Last week, Vice President Dick Cheney attacked President Obama, saying he is “afraid to make a decision” on the war in Afghanistan and that he’s “dithering.” A number of conservatives, including Sen. John McCain (R-AZ), Sen. Orrin Hatch (R-UT) and columnist George Will, disagreed with Cheney’s language. “I would never want to call my president ‘dithering,’” Hatch said.
But many on the right have failed to mention the more substantive point, namely that Cheney and the Bush administration itself “dithered” on Afghanistan and diverted valuable resources to invade Iraq. But last night on Fox News, former Republican senator Rick Santorum stepped up to the plate:
SANTORUM: My sense is that we have an obligation to support our generals in the field, to give them the resources they need to accomplish the mission. That was not done by the prior administration. Let’s be very clear about that. They put their own political imprint on the Afghan strategy.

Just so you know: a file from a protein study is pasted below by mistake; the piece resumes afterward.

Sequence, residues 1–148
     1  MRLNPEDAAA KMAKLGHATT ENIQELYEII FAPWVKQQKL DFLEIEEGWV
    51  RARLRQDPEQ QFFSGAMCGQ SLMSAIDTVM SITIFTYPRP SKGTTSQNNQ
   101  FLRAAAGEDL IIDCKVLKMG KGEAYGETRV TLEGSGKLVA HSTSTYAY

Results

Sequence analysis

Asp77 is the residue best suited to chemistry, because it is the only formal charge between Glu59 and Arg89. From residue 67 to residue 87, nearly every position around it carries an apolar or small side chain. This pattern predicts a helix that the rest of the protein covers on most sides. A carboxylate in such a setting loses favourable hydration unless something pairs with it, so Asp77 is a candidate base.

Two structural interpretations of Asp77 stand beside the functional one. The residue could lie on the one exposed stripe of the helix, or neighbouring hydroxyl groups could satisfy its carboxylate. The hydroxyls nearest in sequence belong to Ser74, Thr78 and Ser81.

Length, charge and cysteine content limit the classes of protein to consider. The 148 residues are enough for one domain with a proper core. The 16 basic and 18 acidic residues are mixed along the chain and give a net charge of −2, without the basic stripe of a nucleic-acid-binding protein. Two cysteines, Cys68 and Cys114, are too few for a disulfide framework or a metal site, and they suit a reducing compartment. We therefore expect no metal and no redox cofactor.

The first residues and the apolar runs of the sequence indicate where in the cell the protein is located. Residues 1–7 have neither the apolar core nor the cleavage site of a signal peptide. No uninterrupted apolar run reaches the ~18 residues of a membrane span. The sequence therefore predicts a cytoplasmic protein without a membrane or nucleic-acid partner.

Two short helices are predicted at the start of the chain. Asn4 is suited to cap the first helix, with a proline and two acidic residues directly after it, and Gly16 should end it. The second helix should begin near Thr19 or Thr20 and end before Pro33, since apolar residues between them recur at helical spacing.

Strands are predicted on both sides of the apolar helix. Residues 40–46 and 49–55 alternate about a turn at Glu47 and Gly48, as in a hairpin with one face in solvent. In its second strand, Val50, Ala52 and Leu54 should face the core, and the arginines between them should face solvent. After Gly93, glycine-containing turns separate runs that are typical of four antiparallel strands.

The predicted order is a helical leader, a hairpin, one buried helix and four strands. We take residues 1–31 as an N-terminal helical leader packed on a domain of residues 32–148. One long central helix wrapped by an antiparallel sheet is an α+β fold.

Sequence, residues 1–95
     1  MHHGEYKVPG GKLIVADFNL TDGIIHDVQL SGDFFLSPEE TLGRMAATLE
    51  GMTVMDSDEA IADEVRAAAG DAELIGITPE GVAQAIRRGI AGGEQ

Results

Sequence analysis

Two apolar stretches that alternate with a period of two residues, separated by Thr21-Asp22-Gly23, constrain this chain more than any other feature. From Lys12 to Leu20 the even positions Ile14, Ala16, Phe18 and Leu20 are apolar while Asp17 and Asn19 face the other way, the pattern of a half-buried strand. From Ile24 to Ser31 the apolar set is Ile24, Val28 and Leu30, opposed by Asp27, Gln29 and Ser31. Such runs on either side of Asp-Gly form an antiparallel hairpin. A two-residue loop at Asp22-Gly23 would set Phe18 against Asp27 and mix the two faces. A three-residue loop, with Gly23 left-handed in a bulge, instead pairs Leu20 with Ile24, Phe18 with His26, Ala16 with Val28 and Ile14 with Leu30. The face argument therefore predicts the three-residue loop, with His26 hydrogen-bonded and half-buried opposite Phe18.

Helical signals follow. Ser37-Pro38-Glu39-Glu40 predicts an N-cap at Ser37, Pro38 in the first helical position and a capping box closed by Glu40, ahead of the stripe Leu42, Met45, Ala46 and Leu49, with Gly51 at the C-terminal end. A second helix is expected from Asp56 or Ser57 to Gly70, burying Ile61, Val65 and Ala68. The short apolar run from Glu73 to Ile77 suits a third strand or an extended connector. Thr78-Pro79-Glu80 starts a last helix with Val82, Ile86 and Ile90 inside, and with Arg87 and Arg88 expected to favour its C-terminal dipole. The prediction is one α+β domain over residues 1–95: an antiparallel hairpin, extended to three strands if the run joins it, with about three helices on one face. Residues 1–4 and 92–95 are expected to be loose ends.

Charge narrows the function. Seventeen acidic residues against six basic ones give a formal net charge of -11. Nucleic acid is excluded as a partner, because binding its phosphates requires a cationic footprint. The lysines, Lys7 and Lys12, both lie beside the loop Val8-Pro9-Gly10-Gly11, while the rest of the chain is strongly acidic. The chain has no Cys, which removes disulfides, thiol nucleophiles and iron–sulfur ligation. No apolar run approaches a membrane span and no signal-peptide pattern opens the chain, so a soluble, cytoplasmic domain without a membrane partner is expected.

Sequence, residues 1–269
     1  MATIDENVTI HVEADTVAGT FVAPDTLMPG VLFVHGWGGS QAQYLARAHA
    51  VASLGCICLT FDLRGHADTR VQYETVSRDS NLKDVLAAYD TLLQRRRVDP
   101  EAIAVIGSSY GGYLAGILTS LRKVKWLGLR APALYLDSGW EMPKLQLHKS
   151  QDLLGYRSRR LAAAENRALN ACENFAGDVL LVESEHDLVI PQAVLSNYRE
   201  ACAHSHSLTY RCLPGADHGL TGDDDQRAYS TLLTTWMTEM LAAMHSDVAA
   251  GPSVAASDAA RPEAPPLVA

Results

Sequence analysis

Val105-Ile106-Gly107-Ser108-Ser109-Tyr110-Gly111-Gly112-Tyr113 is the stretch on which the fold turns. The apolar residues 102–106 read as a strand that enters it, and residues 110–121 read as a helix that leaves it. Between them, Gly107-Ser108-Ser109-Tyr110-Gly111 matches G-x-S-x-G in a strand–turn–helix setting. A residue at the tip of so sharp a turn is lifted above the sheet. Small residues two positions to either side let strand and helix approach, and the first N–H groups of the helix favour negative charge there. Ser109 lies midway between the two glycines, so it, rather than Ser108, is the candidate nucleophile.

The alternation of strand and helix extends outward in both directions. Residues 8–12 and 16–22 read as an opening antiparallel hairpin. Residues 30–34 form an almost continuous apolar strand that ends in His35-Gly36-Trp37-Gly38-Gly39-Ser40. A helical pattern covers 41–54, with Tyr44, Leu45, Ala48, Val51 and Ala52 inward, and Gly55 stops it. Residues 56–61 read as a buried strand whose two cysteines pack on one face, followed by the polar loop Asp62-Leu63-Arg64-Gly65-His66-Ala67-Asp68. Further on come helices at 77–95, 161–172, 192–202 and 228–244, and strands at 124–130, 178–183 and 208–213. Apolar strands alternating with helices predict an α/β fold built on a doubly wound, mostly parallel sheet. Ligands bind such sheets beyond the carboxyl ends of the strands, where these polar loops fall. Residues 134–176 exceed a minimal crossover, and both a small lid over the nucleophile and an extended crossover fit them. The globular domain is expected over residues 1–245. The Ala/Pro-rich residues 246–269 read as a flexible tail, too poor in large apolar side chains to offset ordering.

Of course, Santorum is right. In 2008, Gen. David McKiernan, then the top U.S. commander in Afghanistan, asked the Bush administration for more troops, a request that was denied.
Indeed, as McClatchy’s Jonathan Landay — one of the few Washington journalists whose reporting matched the facts in the run-up to the Iraq war — asked of Cheney’s recent attacks: “Do we smell a campaign of historic revisionism by those widely seen as primarily responsible for the disaster in Afghanistan that has prompted Army Gen. Stanley A. McCrystal’s request for up to 80,000 more soldiers?”:
As late as December 2005, despite official warnings about the Taliban resurgence and a lack of U.S. resources for critical reconstruction programs, the Bush administration planned to reduce the 19,000 U.S. troops then in Afghanistan by 2,500 soldiers in order to bolster hard-pressed U.S. forces in Iraq.
And even after seven years of war _ and the deaths of 630 U.S. service members, more than 400 other coalition soldiers and thousands of Afghans _ the Bush administration lacked strategies for dealing with the al Qaida and Taliban safe haven in the tribal areas of Pakistan, where it backed a military dictatorship, or building Afghan security forces, according to the Government Accountability Office.
It’s nice to see Santorum recognize reality.